(CNN)Hours before they were to attend an educational conference in Indianapolis, three judges went out drinking for a few hours and decided to walk to a strip joint.
A drunken brawl then erupted between the men and two of the jurists, who were shot and seriously wounded in an unseemly spectacle that resulted in the Indiana Supreme Court temporarily suspending them without pay this week for their less-than-honorable actions early in the morning of May 1.
“Respondents’ actions were not merely embarrassing on a personal level; they discredited the entire Indiana judiciary,” the state Supreme Court said its Tuesday ruling.
The ruling said the judges — Andrew Adams of the Clark Circuit Court 1, Bradley B. Jacobs of the Clark Circuit Court 2 and Sabrina R. Bell of the Crawford Circuit Court — engaged in judicial misconductand behaved in “an injudicious manner” during the boozy fisticuffsin the restaurant’s parking lot in downtown Indianapolis.
“I wholeheartedly apologize for my behavior that evening that has embarrassed the Indiana Supreme Court, my fellow judges and all the members of my chosen profession. I cannot offer any excuses for the events of that evening nor do I attempt to offer any excuses for those choices,” Jacobs said in a statement read by his attorney to reporters.
An attorney for Adams declined to comment to CNN on the case. In a statement to local media, Adams apologized to his family and community, acknowledging he had “failed to behave in a manner that my position requires,” the Indianapolis Star reported
“I am fully aware of the embarrassment I have brought to the Indiana Judiciary, my family and specifically my community. There is not a minute in the day that I don’t think about the significant repercussions my actions have caused. I take full responsibility for my actions as they neither met my expectations or the expectations placed upon me as a judicial office,” Adams said in the statement, according to the Star.
CNN has reached out to Bell for comment.
Adams, Bell and Jacobs arrived in Indianapolis for the Spring Judicial College on April 30 and began socializing and drinking with other judicial officers that evening, the ruling said.
At around 3 a.m. the next morning, the judges walked together to a strip club, the document said. But the club was closed and they walkedto a nearby White Castle restaurant.
While they were standing outside in the White Castle parking lot, two men drove by and shouted something at the three judges out of the window of their vehicle. Bell flipped off the men, the document said, and they pulled into the lot and the five began to argue.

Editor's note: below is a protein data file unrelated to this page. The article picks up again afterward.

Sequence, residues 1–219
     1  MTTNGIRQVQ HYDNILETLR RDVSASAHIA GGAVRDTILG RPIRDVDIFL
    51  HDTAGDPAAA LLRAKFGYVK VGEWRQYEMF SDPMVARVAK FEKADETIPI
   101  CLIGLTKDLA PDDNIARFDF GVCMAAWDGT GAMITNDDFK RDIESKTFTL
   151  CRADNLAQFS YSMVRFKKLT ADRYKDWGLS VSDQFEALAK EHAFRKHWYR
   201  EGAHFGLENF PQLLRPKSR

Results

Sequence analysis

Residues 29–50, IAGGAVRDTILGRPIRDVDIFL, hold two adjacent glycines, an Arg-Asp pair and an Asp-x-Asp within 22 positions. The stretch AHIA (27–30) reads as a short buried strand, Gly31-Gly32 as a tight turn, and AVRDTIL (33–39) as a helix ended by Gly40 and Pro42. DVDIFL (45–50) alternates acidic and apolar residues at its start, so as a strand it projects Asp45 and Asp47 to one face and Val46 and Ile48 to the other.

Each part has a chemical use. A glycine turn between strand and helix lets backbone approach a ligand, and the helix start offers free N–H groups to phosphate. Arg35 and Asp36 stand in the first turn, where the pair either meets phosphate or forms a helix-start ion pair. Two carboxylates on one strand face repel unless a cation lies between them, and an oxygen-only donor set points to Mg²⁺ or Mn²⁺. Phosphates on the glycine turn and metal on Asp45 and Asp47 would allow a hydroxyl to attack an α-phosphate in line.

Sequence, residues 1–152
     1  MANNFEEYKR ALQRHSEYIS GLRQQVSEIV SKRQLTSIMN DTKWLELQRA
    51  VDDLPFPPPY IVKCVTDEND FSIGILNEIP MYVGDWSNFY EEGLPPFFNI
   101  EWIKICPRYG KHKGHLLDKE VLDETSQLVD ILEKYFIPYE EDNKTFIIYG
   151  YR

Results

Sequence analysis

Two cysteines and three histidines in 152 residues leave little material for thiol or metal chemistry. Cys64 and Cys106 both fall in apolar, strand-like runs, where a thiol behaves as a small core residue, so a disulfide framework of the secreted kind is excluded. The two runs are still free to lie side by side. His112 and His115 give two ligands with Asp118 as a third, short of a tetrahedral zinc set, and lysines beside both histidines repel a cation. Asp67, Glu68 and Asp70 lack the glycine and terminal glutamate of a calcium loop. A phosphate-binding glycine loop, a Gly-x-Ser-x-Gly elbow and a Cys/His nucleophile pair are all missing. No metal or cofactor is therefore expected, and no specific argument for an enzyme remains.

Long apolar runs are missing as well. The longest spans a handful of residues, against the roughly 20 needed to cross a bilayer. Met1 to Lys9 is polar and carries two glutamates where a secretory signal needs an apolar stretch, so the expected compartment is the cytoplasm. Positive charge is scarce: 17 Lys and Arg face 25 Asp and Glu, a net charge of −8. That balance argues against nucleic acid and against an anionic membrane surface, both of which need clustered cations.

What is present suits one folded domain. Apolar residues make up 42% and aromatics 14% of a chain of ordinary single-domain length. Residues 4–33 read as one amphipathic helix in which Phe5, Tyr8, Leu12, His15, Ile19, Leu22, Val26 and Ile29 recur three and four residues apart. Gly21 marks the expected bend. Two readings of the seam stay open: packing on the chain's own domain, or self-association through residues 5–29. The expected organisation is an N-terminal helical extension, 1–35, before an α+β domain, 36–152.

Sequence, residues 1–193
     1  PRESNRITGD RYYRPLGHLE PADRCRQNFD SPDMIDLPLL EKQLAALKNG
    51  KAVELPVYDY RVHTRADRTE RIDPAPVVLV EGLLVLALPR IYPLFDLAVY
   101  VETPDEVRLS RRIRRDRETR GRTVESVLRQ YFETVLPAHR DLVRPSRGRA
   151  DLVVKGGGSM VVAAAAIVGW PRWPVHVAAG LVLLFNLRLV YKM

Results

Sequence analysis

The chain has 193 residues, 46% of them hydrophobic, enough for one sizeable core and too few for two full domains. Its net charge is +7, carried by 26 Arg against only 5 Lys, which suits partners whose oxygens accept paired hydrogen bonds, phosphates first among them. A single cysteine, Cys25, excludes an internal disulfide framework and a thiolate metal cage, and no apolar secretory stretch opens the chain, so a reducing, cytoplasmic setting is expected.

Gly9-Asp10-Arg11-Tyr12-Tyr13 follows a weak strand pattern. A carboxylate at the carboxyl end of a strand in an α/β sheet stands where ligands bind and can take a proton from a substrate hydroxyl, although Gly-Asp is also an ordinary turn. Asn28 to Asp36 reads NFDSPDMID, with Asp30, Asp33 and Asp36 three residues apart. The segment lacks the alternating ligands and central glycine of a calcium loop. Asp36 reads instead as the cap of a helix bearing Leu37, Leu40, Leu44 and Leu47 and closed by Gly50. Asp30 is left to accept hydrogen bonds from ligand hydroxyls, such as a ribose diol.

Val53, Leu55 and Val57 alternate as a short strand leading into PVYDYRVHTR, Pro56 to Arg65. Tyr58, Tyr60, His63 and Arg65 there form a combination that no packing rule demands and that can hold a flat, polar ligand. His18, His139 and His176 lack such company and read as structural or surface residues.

The ruling said Bell was intoxicated at the time and had no memory of the incident or what was said to incite it.
But it noted that she told detectives at the scene, “I feel like this is all my fault.”
Bell said the three were good friends and the other judges were protective of her, the ruling said.
“I’m afraid that I said something to those two strange men at first, and then they said something back to me. And then I said something and then [Adams and Jacobs] went to defend me,” Bell said, according to the ruling.
She added, “I’m not denying that I said something or egged it on … because I drink … I mean I fully acknowledge that I drink and get mouthy, and I’m fiery and I’m feisty, but if I would have ever thought for a second that they were gonna fight or that that guy had a gun on him, I would never, never.”
The verbal argument turned physical, with Jacobs bringing one of the men to the ground and Adams kicking him in the back.
The fight ended when the man pulled out a gun, shooting Adams once and Jacobs twice, the document said. The men were taken to local hospitals and underwent emergency surgeries.
On September 9, Adams pleaded guilty to a misdemeanor charge of battery resulting in bodily injury. He was sentenced to 365 days in jail, with 363 days suspended.
He also was suspended without pay for 60 days, while Jacobs and Bell were suspended without pay for 30 days.
The Indiana Supreme Court ruled that by engaging in the conflict, the judges fell short of their directive to “aspire at all times to conduct that ensures the greatest possible public confidence in their independence, impartiality, integrity, and competence.”
The man accused of shooting the judges is scheduled to go on trial in January on a number of charges, including felony aggravated battery.